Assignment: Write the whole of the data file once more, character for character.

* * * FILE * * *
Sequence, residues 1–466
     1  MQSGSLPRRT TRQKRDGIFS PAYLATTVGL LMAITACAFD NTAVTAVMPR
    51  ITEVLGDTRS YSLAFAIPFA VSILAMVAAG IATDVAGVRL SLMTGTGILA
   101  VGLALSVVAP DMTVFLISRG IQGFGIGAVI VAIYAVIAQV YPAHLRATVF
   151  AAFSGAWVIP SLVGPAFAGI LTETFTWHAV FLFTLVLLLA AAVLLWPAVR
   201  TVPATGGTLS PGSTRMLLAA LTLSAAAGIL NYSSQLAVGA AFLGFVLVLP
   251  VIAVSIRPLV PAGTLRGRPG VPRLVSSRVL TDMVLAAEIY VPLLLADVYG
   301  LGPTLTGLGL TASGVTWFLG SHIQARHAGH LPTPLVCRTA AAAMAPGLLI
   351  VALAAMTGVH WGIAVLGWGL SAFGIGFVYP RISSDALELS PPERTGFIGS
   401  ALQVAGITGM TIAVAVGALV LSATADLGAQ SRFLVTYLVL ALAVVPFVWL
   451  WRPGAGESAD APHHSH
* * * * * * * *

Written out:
Sequence, residues 1–466
     1  MQSGSLPRRT TRQKRDGIFS PAYLATTVGL LMAITACAFD NTAVTAVMPR
    51  ITEVLGDTRS YSLAFAIPFA VSILAMVAAG IATDVAGVRL SLMTGTGILA
   101  VGLALSVVAP DMTVFLISRG IQGFGIGAVI VAIYAVIAQV YPAHLRATVF
   151  AAFSGAWVIP SLVGPAFAGI LTETFTWHAV FLFTLVLLLA AAVLLWPAVR
   201  TVPATGGTLS PGSTRMLLAA LTLSAAAGIL NYSSQLAVGA AFLGFVLVLP
   251  VIAVSIRPLV PAGTLRGRPG VPRLVSSRVL TDMVLAAEIY VPLLLADVYG
   301  LGPTLTGLGL TASGVTWFLG SHIQARHAGH LPTPLVCRTA AAAMAPGLLI
   351  VALAAMTGVH WGIAVLGWGL SAFGIGFVYP RISSDALELS PPERTGFIGS
   401  ALQVAGITGM TIAVAVGALV LSATADLGAQ SRFLVTYLVL ALAVVPFVWL
   451  WRPGAGESAD APHHSH